plaintiff's motion to amend his Complaint to substitute the
Department of Justice for the individual defendants is granted.
B. The Complaint Should Be Dismissed As Moot
Defendants argue that plaintiff's request for injunctive relief
expediting the FBI's response to his FOIA request is moot because
the FBI has now responded to plaintiff's FOIA request. Eison
acknowledges that the FBI has responded to his original request
for documents. However, he contends that he was wrongly denied
access to approximately 700 of the 971 pages initially found
responsive to his request. Accordingly, Eison now challenges the
quality, rather than the timeliness, of the FBI's response.
Plaintiff seeks to amend his Complaint to reflect this new issue.
Plaintiff's motion to amend falls under Rule 15(d) which
applies to events that have occurred since the date of the filing
of the pleading. The allegations in the supplemental pleading,
"do not need to arise out of the same transaction or occurrence
as the original; they need only bear some relationship to the
subject of the original pleading." (3 Moore's Federal Practice,
§ 15.30 at 15-108 (Matthew Bender 3d ed. 1998)). Permission to
amend may be granted "even though the original pleading is
defective in its statement of a claim for relief." Fed.R.Civ.P.
The goal of Rule 15(d) is to establish a, "liberal policy
favoring a meritbased resolution of the entire controversy
between the parties." Katzman v. Sessions, 156 F.R.D. 35, 38
(E.D.N.Y. 1994). Accordingly, the motion should be granted unless
the nonmovant is able to demonstrate either "bad faith on the
part of the moving party, the futility of the claims asserted
within the application, or undue prejudice to the nonmovant."
Id. at 38. See also Duran v. City of New York, 96 Civ.
4219(MBM), 1999 WL 294989 (S.D.N.Y. May 10, 1999). Defendants do
not contend that Eison brings his supplemental claims in bad
faith; nor do they argue that his Amended Complaint will cause
them any particular prejudice.
Defendants do argue, however, that the amendment would be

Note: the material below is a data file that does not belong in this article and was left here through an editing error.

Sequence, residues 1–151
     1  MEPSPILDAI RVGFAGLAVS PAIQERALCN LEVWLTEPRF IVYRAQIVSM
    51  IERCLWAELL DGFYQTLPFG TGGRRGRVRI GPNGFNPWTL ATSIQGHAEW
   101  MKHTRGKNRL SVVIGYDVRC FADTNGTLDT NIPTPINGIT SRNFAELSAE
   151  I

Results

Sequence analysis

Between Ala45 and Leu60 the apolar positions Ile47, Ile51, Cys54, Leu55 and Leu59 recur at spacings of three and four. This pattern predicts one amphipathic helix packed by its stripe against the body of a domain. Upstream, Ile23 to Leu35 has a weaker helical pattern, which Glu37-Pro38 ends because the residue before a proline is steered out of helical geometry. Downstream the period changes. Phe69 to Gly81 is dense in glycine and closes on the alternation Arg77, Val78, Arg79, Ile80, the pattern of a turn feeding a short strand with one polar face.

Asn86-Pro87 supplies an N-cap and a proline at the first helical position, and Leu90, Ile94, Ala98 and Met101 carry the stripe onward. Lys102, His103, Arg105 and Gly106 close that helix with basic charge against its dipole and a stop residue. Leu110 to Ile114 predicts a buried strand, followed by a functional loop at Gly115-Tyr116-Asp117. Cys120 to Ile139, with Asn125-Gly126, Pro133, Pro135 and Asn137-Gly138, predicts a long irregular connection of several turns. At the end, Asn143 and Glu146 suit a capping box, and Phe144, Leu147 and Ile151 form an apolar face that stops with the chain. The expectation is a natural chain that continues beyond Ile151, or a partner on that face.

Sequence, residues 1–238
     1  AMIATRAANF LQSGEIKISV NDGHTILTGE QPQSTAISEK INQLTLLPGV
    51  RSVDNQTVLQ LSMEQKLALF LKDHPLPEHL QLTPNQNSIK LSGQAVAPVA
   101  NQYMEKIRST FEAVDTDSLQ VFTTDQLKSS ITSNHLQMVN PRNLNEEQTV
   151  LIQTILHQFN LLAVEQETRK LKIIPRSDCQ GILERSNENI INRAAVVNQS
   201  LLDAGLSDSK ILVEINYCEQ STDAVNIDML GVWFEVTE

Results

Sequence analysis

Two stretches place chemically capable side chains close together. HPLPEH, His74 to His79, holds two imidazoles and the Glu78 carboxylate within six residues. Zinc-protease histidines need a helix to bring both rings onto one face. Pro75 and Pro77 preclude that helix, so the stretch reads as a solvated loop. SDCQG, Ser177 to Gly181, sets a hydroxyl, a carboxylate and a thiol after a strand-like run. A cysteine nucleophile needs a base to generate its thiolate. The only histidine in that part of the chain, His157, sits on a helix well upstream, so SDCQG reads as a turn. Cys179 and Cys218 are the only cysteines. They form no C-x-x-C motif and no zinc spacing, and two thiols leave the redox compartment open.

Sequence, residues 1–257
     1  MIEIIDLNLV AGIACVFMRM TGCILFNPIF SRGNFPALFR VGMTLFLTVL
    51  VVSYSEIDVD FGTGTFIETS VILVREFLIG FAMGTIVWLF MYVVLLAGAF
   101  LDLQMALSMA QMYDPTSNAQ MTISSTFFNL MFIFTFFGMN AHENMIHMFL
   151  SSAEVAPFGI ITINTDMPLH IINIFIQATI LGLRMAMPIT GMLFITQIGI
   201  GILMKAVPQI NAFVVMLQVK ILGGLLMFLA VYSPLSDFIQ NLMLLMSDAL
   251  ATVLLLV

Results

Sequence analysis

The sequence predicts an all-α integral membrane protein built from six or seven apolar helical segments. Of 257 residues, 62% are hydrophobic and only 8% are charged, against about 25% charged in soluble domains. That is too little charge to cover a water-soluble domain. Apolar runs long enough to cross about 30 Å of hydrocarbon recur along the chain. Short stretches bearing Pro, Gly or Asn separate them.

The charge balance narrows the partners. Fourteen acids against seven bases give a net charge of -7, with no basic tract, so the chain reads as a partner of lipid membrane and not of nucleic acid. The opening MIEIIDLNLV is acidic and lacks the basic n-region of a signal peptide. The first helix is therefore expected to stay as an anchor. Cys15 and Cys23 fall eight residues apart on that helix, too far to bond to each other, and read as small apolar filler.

futile as they allege that plaintiff has failed to exhaust his
administrative remedies regarding the FBI's FOIA response.
Defendants cite to Voinche v. F.B.I., 999 F.2d 962, 963 (5th
Cir. 1993), which states that, "The Freedom of Information Act
requires exhaustion of administrative remedies prior to seeking
judicial review." Voinche presented a similar claim to that
asserted here. After he sued the FBI complaining of its delay in
responding to his FOIA request, the FBI responded and Voinche
then challenged the adequacy of that production. Voinche is
distinguishable, however, because "[a]lthough
[he] exhausted his administrative remedies [regarding] the
tardiness of the FBI's response, he has not challenged the
adequacy of the FBI's response administratively." Voinche, 999
F.2d at 963. Here, DOJ's letter of April 28, 1999, clearly
indicates that on March 17, 1999, Eison specifically appealed the
adequacy of the FBI's response.
The FOIA requires that "[e]ach agency upon any request for
records . . . shall . . . make a determination with respect to
any appeal within twenty days." 5 U.S.C. § 552(a)(6)(A)(ii). The
statute further specifies that, "[a]ny person making a request to
any agency for records . . . shall be deemed to have exhausted
his administrative remedies with respect to such request if the
agency fails to comply with the applicable time limit provisions
of this paragraph." 5 U.S.C. § 552(a)(6)(C). Eison's appeal was
received by the FBI on March 17, 1999. Obviously, more than
twenty days have elapsed since that appeal was served.
Accordingly, Eison has effectively exhausted his administrative
remedies with respect to the adequacy of the FBI's response See
Oglesby v. U.S. Dept. Of the Army, 920 F.2d 57, 71 (D.C.Cir.
1990) ("Once the head of the agency has made a determination on
appeal, or the twenty-day statutory deadline for the appeal
decision has passed, he may bring suit in federal district court
pursuant to 5 U.S.C. § 552(a)(4)(B)").
On April 28, 1999, the FBI acknowledged that it could not
respond in a timely manner. Because Eison has exhausted his
administrative remedies, the proposed amendment, covering the
adequacy of the DOJ's response, is not futile. Therefore,
plaintiff's motion to amend his Complaint is granted.
For the foregoing reasons, defendants' motions to dismiss and
for summary judgement are denied. Plaintiff may file and serve an
Amended Complaint by August 1, 1999. A status conference is
scheduled for August 4, 1999, at 4:30.